Today’s Spotlight on Scholarship features the article “‘I Felt Like Such a Freshman’: First-Year Students Crossing the Library Threshold” [paywall, pre-print openly available here (PDF)] by Paula R. Dempsey and Heather Jagman, published in portal: Libraries and the Academy, Volume 16, Number 1, January 2016, pp. 89-107.
This article represents the first published example of librarians aiming to understand and develop further the proposed IL concepts in the Framework through direct analysis of reflective writing produced by students. The research project through which the student work was produced was part of the first ACRL Assessment in Action cohort, and this article reports on the second phase of analysis of the reflective essays produced by the students as part of a required first-year experience course. The essays documented the students’ process of completing an exercise that required them to search the library catalog for an item of interest, find and check out the item in the library, and reflect on both the steps taken and their attitudes toward the process as a whole. Dempsey and Jagman used qualitative analysis software as well as manual coding methods to discern themes and findings about students’ knowledge and understandings related to research and the library, and then interpreted their findings through the lenses of the IL concepts proposed and described by the Framework. The three frames most prevalent in student responses–whether documented as stumbling blocks or as concepts mastered–were “Scholarship as Conversation”, “Searching as Strategic Exploration”, and “Research as Inquiry”. The discussion of the findings using these frames really digs into the productive tensions the frames present to IL practitioners as we seek to engage and teach using the Framework. Through this detailed analysis, and centering students’ voices as their method of choice, Dempsey and Jagman offer a compelling case for IL pedagogical design that facilitates “self-directed, reflective learning” over “librarian-led sessions” in which students are typically led toward thresholds of understanding in a uniform manner; the evidence offered in this article suggests this uniformity is not how understanding is actually constructed in cohorts of novice learners. The assignment prompt is helpfully included as an appendix, inviting librarians to adapt this exercise for their own institutional context.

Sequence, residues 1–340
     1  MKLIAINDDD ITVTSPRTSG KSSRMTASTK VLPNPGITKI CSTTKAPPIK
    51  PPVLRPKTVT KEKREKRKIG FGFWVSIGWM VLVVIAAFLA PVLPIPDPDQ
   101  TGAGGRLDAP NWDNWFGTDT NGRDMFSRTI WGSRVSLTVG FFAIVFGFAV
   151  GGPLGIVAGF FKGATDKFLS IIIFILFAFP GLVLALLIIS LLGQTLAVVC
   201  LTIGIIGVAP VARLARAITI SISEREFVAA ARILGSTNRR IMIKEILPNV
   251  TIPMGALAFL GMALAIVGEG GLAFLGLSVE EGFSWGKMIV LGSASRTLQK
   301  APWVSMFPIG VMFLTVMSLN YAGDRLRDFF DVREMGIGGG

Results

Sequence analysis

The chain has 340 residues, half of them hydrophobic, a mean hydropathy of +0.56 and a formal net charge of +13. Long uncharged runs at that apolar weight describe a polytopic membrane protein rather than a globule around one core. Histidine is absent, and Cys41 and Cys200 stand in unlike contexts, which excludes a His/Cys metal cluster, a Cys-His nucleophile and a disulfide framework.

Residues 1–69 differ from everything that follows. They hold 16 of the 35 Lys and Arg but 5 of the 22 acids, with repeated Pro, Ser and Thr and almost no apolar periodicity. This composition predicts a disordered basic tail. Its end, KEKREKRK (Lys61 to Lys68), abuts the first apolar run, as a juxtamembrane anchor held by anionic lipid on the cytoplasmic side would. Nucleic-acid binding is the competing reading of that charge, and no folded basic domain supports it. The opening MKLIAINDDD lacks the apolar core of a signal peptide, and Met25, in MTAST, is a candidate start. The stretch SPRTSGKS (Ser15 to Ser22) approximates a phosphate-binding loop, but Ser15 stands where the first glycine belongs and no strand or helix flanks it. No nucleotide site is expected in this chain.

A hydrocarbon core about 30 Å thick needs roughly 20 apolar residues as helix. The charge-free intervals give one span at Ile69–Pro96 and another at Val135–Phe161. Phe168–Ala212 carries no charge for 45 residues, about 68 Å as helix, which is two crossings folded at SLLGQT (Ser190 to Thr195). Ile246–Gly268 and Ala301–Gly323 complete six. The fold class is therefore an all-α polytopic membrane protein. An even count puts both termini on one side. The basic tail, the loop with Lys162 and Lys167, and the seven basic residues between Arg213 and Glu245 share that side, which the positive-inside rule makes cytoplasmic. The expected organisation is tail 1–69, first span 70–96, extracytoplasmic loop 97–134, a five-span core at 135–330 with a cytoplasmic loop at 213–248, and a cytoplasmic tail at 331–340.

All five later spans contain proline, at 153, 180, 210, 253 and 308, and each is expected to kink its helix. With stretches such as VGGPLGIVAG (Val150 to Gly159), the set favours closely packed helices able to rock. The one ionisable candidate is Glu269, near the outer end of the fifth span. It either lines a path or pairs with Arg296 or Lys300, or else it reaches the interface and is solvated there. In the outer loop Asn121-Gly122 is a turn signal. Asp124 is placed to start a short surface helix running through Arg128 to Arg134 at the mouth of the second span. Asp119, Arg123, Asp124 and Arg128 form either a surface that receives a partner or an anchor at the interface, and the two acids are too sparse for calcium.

Paula R. Dempsey is Research Services & Resources Librarian in the Richard J. Daley Library of the University of Illinois at Chicago, and Heather Jagman is Coordinator of Reference, Instruction, and Academic Engagement in the John T. Richardson Library at DePaul University.
The “Framework Spotlight on Scholarship” column is a regular post series highlighting scholarship that uses, builds on, critiques, or responds to the Framework for Information Literacy for Higher Education.